Thursday, December 4, 2008

Romanian Journey

During our stint in Romania with IICS in 2004 blogs did not exist or were not that popular, and even if they were, internet access was another subject in itself. What I did keep was a daily journal of this memorable journey. I never had much use for the journal other than our monthly newsletters; however, with my new blog I’ve decided to post once a week on our journey. I hope you do not mind.


Kacee and I decided early on that we wanted a dependable car while living in Romania. This was not typical for missionaries (what is) and really not necessary considering the quality of public transportation. However, we were going to be on the run a lot with visits to several orphanages and friends that lived two hours away. Plus, how would I keep my girlish figure if I walked everywhere? We also made the decision to tour parts of Europe while we were living in Romania. We were young, did not have kids, and history was all around us. This would not be possible without a dependable car. The decision was easy, the purchase was an adventure!

The most affordable and “reliable” method of purchasing a used car in Romania is at the piaţa de maşini (car market). When you think car market, think U.S. flea market with cars! One of my favorite things about Romania was that there was a market for everything. There were flower markets, car markets, fruit and vegetable markets, meat markets, and clothing markets. One day I will have to share with you my experience with the animal market! But for now I will stick with the car market.

The car market in Timişoara was once a week and individuals from the area would bring used cars they had to sale. Most of the cars came from Germany, or at least the ones you wanted to buy. You would have to see some of the roads in Romania and how some Romanians drive (me included) to understand why. Typically a Romanian would travel to Germany, find a good used car, return to Romania, sale the car and return to Germany to buy another while keeping the profits. This was their source of income.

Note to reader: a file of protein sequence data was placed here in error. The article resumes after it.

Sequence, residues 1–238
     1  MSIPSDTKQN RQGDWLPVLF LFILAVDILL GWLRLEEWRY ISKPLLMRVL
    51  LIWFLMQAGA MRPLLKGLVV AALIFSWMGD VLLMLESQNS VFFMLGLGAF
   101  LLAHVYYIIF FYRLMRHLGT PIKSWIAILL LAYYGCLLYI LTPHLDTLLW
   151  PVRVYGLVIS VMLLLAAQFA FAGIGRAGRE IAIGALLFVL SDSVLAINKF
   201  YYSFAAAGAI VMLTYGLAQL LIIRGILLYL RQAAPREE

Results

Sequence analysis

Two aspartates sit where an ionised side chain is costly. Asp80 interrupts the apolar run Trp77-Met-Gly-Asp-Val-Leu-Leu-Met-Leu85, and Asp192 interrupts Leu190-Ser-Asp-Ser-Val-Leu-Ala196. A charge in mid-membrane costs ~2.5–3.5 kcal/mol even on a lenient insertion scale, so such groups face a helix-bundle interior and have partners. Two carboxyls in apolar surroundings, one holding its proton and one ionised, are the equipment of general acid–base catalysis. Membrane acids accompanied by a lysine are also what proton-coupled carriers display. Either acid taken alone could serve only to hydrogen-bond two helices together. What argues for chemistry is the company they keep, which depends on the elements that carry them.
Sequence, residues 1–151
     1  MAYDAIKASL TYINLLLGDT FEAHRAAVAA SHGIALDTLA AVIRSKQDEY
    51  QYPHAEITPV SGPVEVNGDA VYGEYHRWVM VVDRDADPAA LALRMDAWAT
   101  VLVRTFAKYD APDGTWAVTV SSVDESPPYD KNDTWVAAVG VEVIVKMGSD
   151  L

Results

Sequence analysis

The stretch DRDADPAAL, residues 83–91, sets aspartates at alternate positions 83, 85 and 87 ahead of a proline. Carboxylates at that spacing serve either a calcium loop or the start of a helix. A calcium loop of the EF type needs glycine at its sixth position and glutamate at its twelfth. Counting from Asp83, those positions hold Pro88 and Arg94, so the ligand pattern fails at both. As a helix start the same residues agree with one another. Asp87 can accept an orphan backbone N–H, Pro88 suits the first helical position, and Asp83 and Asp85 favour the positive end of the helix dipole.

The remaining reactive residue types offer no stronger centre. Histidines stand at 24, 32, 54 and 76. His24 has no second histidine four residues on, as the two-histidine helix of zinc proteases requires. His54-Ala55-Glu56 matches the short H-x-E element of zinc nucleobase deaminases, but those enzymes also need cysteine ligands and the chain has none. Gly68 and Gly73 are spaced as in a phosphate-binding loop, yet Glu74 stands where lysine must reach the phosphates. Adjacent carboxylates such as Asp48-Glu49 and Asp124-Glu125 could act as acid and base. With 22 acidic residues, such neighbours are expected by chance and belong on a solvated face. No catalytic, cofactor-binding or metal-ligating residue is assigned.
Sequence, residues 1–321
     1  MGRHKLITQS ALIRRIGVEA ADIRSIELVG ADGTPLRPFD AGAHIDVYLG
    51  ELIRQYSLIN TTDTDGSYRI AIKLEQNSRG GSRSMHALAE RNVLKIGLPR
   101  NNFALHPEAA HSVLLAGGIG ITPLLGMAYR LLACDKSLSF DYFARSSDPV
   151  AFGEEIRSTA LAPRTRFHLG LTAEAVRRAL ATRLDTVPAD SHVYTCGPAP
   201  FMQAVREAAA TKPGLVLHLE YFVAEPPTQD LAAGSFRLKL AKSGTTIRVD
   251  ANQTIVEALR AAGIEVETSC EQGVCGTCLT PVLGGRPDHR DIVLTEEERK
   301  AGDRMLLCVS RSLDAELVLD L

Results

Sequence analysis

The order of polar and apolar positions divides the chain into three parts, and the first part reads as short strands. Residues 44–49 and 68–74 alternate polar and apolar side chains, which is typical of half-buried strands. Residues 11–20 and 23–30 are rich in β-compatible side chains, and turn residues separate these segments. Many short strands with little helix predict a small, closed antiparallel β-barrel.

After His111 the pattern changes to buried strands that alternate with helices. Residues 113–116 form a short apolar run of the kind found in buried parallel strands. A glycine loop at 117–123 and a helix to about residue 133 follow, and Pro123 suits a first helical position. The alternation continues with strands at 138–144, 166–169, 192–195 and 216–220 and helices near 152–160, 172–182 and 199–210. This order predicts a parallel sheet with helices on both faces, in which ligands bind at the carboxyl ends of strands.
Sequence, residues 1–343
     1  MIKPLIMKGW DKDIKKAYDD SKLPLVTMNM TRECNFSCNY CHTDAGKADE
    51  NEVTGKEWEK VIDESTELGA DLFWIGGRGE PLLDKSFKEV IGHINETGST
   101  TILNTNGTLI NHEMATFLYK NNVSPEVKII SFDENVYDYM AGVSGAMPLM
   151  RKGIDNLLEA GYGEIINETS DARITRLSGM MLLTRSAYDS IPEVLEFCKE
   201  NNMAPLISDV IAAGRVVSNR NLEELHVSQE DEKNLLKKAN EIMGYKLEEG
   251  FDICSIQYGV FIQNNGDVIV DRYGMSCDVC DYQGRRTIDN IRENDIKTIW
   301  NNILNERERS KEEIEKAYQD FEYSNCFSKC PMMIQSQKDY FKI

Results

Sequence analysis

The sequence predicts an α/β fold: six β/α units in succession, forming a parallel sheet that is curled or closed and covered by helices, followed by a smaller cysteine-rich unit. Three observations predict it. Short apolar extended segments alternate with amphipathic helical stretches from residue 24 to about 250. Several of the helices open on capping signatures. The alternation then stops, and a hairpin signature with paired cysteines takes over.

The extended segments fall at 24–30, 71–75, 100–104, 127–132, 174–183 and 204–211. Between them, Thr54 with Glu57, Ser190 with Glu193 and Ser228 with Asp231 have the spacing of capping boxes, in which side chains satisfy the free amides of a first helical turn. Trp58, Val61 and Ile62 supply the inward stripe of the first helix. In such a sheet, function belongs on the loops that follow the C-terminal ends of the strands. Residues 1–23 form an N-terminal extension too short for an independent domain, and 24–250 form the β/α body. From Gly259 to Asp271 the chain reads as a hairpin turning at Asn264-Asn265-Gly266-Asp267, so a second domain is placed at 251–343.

Our good friend Daniel took us to the market three different times before we found our car. Over these three weeks we saw hundreds of cars. With cash around my belt (cash only) we honked horns, kicked tires, turned up radios, and test drove a number of cars. Ultimately we found our “new” used car. It was a 2002 VW Passat station wagon. Of course it was diesel and five-speed. This pleased Kacee because she cannot drive a stick and she had no desire to drive in Romania, nor did I have any desire for her to drive!

Once we made the decision to buy our car we took our cash to a small van to fill out the paperwork and pay for the car. Inside the van a gentleman typed out our temporary paperwork and gave us our temporary license plates. Within 10 minutes we had our paperwork and our car. However, one stipulation was that we drive the previous owner to his home two hours away.

Though this process seems simple and it seemed simple to us at the time, things can get complicated. What happens if you don’t get your permanent license plates? What happens if your paperwork gets lost? Unfortunately, I know. You will just have to read my blog next Friday to find out!

Have a great weekend. Aspire to new heights.

1 comment:

todd long said...

....where's your TALON???